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Amy Fitzpatrick’s family set to meet Tánaiste over Dublin girl’s disappearance in Spain

‘Someone out there knows more than they are saying’

Amy Fitzpatrick has been missing since 2008

Christine with a picture of Amy

Amy Fitzpatrick’s mother Audrey and Dave Mahon

Eugene MastersonSunday World

Amy Fitzpatrick’s family are set to have their most high profile meeting with an Irish government minister since the Irish girl went missing on New Year’s Day 2008.

Christine, Amy’s crusading aunt, has confirmed she is due to meet Tánaiste and Minster for Foreign Affairs Micheal Martin on Wednesday.

“I’m allowed to bring one other person and while I’d like to bring my husband Billy, I’d appeal to bring my daughter as well, as she runs the website and has huge knowledge about the ins and outs of it,” Christine told the Sunday World.

She has one major aim in her meeting with the Tánaiste.

“I want him to put pressure on the Spanish authorities to upgrade Amy’s case from that of a missing person to a murder case,” she stresses.

“Amy has been missing now for 15 years and she has not been in touch with anyone since, friends or family. She had never used her bank card and there’s never been a sighting of her.

“Sadly, it’s now to be assumed that she is deceased, and somebody out there knows something.”

Christine with a picture of Amy

Christine adds that Amy’s father is still “in bits” about his daughter’s disappearance.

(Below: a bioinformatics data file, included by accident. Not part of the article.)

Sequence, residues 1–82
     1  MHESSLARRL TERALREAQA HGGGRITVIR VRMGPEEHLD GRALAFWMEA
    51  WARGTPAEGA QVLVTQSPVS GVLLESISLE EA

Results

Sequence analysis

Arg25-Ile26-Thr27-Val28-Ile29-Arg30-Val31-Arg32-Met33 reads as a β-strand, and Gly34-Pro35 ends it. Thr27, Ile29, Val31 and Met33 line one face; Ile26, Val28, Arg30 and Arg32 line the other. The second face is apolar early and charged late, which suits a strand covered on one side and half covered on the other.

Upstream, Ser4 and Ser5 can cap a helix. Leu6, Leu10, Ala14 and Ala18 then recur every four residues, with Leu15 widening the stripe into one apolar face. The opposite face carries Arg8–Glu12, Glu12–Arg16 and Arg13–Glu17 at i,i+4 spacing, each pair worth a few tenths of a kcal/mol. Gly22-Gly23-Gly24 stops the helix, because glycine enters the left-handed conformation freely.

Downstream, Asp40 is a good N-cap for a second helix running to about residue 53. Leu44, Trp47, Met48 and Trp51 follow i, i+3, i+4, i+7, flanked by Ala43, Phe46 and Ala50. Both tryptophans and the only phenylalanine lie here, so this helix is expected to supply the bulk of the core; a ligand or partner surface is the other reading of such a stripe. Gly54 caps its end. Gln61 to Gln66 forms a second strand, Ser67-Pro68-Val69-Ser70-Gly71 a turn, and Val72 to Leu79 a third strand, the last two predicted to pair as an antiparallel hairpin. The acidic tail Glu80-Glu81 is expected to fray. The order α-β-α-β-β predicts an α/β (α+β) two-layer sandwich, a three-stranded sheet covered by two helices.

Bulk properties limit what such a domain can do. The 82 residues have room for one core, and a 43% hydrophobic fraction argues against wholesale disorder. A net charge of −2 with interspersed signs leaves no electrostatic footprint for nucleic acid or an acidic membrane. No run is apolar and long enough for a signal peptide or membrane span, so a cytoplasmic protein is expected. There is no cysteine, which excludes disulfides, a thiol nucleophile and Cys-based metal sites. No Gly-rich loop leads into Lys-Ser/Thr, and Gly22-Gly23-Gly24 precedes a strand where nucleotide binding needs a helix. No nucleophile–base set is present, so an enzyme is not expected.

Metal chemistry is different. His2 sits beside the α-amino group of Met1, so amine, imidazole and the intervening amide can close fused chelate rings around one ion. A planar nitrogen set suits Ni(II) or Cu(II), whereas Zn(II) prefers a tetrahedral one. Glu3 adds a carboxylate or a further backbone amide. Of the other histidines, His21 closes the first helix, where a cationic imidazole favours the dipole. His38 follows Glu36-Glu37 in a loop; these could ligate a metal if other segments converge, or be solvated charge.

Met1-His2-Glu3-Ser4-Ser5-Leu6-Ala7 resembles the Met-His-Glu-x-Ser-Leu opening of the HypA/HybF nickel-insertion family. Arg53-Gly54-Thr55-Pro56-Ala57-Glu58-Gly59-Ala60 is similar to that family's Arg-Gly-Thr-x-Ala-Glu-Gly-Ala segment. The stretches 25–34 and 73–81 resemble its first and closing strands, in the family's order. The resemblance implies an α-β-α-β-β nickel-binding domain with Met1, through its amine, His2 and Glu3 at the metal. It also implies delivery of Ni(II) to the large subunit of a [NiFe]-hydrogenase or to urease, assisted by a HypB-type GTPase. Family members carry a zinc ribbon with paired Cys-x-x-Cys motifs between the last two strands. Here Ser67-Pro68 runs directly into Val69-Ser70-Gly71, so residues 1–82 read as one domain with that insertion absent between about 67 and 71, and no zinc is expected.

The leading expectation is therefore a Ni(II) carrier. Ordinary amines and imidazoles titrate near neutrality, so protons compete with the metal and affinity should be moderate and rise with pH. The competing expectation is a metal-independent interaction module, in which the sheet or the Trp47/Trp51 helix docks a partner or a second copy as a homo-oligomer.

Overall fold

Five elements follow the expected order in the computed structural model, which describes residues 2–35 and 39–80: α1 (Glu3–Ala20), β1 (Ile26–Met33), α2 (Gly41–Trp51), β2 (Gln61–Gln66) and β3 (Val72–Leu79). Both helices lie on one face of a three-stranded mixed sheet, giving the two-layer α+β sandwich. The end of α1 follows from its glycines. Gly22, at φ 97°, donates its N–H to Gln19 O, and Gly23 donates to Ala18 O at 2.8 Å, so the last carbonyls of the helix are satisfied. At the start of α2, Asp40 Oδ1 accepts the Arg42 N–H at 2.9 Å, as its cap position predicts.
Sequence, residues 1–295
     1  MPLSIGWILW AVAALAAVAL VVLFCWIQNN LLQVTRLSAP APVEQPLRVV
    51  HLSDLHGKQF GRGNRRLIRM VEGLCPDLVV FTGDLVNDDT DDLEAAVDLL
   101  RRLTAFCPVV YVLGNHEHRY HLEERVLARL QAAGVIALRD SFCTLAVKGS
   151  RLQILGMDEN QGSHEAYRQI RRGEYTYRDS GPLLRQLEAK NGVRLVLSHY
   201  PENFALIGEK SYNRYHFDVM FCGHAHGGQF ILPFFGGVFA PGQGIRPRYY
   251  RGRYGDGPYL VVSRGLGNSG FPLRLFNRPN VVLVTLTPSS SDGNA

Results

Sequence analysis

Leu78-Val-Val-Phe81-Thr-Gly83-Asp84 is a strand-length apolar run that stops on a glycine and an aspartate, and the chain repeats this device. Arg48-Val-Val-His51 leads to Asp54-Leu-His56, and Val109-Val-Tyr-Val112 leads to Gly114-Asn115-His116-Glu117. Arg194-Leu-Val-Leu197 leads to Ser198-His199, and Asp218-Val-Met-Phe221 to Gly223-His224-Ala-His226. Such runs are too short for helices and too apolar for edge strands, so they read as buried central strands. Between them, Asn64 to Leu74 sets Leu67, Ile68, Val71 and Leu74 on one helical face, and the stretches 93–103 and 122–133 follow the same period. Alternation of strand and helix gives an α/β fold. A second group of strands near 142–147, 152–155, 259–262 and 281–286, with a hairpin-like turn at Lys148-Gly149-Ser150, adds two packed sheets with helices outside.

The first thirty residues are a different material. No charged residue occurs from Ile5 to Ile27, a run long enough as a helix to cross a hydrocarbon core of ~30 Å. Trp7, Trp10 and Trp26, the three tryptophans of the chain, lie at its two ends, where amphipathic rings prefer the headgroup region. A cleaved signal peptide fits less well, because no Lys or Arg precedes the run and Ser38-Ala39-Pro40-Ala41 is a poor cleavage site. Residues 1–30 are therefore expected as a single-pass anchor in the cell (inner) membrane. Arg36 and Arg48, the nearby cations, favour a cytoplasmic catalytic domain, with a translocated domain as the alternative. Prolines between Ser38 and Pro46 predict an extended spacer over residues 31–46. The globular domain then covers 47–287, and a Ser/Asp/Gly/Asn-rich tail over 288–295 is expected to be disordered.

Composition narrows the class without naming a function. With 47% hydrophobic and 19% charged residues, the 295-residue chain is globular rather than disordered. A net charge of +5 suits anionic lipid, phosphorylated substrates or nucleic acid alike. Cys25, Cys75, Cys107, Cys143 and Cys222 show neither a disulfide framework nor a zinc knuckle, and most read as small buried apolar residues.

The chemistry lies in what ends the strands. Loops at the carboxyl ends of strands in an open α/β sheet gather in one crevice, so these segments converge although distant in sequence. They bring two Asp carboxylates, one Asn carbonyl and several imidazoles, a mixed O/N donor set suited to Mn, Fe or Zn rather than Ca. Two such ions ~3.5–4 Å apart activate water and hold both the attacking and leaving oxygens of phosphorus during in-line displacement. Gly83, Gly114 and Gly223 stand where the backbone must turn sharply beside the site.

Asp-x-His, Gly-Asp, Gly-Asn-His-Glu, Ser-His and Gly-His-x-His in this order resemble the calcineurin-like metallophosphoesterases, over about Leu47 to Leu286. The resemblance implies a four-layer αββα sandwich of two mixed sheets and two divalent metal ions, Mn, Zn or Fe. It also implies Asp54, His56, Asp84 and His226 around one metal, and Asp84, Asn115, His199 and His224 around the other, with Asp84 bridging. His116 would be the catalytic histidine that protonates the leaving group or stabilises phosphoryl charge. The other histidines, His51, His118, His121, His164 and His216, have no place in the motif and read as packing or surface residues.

“He’s not coping very well, he’s quite broken,” she sighs. “But we are giving him all the support we can.”

Amy’s only sibling, her older brother Dean, was knifed to death by their mother’s partner Dave Mahon in Dublin in May 2013 .

The couple had been minding both children when they lived with them in Spain at the time of Amy’s disappearance.

“Amy would have turned 30 on February 7.

“She would more than likely be married with perhaps a child or two. She had her whole life ahead of her when she went missing.”

Amy Fitzpatrick’s mother Audrey and Dave Mahon

Christine recently went to the Spanish embassy in Dublin to plead with them to do more to prioritise the case.

“I would have liked to have met the ambassador but they only sent a girl in the office out to collect my letter,” she complains.

But she is pleased the Tánaiste has agreed to meet her.

“I would like to meet anyone in authority that would listen to us,” she confirms. “Our meeting with the Tánaiste is the highest level we’ve got so far in our campaign and it’s very welcome.

“We have tried to do all we can to highlight the case and urge Interpol to do more.

"The Guards did go over once, but that was in the early days. They should go over again and look for the case to be upgraded, and people to be questioned.

"It needs to be upgraded because if it stays as it is - it’s dormant and it’s left lying on the shelf.”

Christine adds that a tip off about stables where Amy may be buried was received several months ago.

“That building has still not been searched properly, despite information she could be there,” she stressed.

“All we want is closure of the case and to give Amy a Christian burial. Someone out there knows more than they are saying, and I’d plead with them to come forward, even anonymously.”

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